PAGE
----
Freebody Diagrams
Figure 2. Freebody Diagrams.

To help in analyzing the motion, we may use two "freebody diagrams," as shown in Figure 2. In each of the diagrams, the mass is represented by a point and all the forces acting on the mass are shown. The force T is the tension in the string, and it must act in the same way on both masses (same string!). The force m1g is the weight of mass m1 (pull of the Earth) and the force m2g is the weight of mass m2. In these diagrams, we are assuming that m1 > m2, so that m1g > m2g. Thus, we expect m1 to accelerate downward and m2 to have an equal acceleration upward.

From the left-hand free-body diagram:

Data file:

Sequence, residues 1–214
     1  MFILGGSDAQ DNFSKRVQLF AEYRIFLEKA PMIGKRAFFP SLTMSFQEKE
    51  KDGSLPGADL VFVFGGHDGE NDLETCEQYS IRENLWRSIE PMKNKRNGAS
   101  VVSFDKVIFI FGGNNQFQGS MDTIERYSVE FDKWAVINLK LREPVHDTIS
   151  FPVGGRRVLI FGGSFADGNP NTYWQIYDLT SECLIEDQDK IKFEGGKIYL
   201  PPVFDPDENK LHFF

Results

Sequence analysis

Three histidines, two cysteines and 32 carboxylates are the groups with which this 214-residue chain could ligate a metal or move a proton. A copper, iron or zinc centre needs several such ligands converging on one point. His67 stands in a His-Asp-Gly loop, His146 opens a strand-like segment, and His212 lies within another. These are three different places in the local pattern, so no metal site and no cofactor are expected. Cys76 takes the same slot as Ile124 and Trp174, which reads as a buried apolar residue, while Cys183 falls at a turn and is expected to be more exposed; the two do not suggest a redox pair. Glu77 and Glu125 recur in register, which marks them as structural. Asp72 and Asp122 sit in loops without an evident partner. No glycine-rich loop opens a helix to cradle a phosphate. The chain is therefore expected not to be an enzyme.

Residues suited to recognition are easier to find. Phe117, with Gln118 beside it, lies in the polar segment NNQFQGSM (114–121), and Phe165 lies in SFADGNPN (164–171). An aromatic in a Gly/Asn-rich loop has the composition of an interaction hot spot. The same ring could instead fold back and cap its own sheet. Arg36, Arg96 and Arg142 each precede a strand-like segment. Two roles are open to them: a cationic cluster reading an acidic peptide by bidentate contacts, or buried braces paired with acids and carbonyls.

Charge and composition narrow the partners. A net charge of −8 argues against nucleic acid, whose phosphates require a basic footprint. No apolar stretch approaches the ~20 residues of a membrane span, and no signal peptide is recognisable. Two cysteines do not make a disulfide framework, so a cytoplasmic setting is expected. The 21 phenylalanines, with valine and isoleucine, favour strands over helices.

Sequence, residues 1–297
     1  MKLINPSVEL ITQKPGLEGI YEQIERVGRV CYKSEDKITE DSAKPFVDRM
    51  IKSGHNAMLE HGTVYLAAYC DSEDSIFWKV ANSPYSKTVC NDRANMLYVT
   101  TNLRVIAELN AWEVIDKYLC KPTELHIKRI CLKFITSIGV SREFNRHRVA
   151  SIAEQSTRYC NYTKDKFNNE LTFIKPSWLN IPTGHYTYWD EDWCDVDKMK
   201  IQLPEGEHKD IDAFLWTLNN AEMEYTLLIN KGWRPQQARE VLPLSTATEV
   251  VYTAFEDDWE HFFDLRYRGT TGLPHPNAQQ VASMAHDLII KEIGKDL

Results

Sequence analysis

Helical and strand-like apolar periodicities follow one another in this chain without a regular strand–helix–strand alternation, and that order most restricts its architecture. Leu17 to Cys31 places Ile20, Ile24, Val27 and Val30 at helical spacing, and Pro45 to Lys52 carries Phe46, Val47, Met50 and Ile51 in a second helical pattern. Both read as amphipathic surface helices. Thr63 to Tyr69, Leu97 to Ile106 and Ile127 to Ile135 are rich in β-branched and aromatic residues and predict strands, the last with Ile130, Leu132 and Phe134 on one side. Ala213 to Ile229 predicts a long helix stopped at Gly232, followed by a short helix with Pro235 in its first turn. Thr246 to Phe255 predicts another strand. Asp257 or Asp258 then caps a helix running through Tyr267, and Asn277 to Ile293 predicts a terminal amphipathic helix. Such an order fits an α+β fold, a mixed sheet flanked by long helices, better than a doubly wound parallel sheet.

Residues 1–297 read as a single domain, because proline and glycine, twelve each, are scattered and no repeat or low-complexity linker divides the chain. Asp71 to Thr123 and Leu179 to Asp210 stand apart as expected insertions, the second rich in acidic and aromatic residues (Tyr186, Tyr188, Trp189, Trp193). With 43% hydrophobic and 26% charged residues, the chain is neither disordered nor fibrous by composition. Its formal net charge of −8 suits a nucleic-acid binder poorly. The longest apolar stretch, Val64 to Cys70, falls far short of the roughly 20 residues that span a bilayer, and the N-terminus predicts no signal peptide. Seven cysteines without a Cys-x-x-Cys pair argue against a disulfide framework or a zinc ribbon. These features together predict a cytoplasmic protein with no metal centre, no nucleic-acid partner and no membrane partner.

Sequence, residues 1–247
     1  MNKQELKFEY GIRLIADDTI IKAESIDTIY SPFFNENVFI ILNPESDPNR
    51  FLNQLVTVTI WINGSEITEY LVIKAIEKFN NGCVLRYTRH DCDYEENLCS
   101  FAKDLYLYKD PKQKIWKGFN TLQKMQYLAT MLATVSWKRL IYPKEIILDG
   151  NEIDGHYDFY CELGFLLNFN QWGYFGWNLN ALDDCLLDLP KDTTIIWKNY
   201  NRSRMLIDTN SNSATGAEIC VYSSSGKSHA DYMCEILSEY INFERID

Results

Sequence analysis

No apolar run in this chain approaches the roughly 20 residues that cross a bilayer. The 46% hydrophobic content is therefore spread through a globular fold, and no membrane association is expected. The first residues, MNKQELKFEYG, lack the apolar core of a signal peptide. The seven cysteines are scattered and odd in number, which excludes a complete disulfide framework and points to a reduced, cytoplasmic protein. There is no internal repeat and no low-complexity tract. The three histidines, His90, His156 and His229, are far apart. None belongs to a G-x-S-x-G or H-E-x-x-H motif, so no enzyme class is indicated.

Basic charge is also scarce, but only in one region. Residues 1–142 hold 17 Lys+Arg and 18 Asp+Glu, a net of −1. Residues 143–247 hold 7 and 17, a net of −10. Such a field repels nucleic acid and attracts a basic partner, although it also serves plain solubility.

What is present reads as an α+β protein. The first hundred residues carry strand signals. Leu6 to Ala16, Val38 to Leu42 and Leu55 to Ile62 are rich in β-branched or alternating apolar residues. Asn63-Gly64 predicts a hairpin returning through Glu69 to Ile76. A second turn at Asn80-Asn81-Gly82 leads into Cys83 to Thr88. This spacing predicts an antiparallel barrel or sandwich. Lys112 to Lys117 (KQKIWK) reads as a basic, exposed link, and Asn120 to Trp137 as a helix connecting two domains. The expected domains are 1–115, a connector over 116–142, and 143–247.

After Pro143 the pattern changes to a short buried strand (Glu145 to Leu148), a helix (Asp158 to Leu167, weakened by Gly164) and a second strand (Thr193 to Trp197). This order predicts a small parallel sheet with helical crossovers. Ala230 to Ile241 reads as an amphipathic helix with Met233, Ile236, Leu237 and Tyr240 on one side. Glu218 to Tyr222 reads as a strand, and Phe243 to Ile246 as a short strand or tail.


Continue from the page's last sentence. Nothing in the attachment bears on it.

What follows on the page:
Fnet = T - m1g = m1a

The right-hand diagram yields the following equation:

Fnet = m2g - T = m2a

Adding the two equtions to eliminate T yields:

m2g - m1g = m2a + m1a

Solving for the acceleration of gravity results in:

m2 - m1
a = ------------ g
m2 + m1

This is the experssion you will use to find the acceleration due to gravity approximately from your experimental data.


The main purpose of this experiment is to make an approximate measurement of the acceleration due to gravity, using methods that Galileo might have used, with computer aided enhancements. In addition, you will learn something about the difference between idealized and real apparatus.


Bar stand and clamp, pulley, string, set of masses, hanging reflector, Sonic Ranger, protective cage, and a Macintosh computer.

The Experimental Arrangement
Figure 3. The Experimental Arrangement.